“I think it’s just a matter of getting the word out there and doing a better job of helping people understand what’s involved in automotive engineering,” she says. “There’s a perception out there that it’s not glamourous. I think when people envision automotive, they envision an assembly plant. They envision something dark, something dirty. There has to be a better message out there about just how cutting-edge the auto industry is.

“When you see a car on the road and you know that you are 100 percent responsible for either the part or the system or the full vehicle, it’s incredibly powerful to know that you’ve been able to create that and it’s out there in the marketplace and the world. People are appreciating it because of something that you are able to do every day. It really does appeal to a certain set of people that you can be a part of that and go through the challenges and have such a reward at the end.”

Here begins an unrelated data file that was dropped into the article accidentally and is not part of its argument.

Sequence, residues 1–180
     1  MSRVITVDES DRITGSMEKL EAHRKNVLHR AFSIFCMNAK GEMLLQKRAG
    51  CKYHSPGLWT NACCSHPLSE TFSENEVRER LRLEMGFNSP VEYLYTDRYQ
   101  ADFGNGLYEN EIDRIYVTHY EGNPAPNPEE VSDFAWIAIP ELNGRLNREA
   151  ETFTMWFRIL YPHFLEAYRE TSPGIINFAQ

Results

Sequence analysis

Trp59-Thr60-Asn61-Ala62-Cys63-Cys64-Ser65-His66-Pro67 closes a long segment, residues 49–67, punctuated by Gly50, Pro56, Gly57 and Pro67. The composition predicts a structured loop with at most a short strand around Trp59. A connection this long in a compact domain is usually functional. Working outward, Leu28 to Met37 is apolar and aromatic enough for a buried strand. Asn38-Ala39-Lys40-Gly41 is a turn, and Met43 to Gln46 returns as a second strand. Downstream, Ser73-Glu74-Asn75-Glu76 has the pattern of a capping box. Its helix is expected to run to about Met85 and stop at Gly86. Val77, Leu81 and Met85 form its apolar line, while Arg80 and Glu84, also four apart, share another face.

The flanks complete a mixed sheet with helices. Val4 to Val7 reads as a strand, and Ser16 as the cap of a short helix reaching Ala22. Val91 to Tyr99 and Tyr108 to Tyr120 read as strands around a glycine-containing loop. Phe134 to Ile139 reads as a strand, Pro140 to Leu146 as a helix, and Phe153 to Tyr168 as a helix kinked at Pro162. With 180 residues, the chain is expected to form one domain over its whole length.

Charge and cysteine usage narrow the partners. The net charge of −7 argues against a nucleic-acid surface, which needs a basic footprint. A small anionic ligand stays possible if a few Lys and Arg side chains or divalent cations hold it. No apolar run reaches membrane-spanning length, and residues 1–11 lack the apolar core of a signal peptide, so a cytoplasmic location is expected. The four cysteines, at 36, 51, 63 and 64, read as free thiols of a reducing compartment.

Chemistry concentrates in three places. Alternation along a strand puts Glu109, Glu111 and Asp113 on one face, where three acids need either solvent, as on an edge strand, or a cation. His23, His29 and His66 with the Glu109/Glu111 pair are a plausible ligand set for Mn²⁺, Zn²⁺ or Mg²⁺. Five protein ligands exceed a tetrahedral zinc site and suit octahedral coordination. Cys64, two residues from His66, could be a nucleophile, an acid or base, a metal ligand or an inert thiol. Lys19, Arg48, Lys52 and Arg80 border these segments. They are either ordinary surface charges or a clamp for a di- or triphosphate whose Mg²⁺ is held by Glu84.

For young people just getting started in a STEM career, Rahm’s advice to them is the very same time-honoured guidance that was given to her by her first mentor at Chrysler two decades ago.

“Don’t worry about where your career is going to go or what you’re going to do or who you’re in a room with or who you’re impressing,” she says. “Just put your head down and do a good job. When you do that, the rewards come naturally.

“I came into this role with no automotive experience, no godfather within the company, no history, and yet I put my head down and I worked hard, and it did come. The promotions came, the increased scope came, the increased responsibilities came.

“If you don’t worry about the rest and you just worry about doing what you know how to do, and take pleasure in it and joy in it and work hard, the rest should come.”

Rear three-quarter view